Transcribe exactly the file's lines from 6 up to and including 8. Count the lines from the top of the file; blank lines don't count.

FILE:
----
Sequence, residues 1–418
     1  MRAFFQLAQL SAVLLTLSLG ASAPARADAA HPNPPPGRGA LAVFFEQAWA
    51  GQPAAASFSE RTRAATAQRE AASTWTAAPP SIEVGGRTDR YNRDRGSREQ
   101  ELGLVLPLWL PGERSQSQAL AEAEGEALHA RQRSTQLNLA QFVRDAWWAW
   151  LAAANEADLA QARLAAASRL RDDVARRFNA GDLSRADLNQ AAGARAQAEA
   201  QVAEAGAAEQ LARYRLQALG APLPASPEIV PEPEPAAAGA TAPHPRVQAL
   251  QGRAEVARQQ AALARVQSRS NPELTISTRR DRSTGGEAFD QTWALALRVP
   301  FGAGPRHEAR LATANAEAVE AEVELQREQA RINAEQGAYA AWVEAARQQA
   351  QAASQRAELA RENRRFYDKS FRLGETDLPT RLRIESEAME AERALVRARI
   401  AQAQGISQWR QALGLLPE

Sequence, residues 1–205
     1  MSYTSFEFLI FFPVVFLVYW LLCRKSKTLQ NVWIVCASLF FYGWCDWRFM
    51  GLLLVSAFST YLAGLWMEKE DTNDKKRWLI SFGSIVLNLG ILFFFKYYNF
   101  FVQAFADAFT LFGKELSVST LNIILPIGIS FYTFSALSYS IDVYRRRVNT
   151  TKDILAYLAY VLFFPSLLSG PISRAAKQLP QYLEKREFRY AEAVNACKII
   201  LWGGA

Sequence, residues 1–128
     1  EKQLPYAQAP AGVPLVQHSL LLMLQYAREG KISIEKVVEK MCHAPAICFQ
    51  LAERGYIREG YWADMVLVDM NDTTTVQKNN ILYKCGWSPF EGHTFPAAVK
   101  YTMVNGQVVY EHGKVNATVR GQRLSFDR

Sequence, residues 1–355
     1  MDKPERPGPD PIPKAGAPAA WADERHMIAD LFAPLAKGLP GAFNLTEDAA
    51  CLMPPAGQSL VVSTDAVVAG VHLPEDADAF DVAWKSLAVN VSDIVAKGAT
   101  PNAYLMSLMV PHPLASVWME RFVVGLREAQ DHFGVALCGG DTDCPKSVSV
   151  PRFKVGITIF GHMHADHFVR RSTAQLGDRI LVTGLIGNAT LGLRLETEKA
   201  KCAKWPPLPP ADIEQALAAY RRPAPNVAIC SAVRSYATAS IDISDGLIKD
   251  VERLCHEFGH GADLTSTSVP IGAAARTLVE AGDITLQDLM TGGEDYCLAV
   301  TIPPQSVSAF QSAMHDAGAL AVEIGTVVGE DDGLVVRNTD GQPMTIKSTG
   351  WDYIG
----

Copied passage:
   201  QVAEAGAAEQ LARYRLQALG APLPASPEIV PEPEPAAAGA TAPHPRVQAL
   251  QGRAEVARQQ AALARVQSRS NPELTISTRR DRSTGGEAFD QTWALALRVP
   301  FGAGPRHEAR LATANAEAVE AEVELQREQA RINAEQGAYA AWVEAARQQA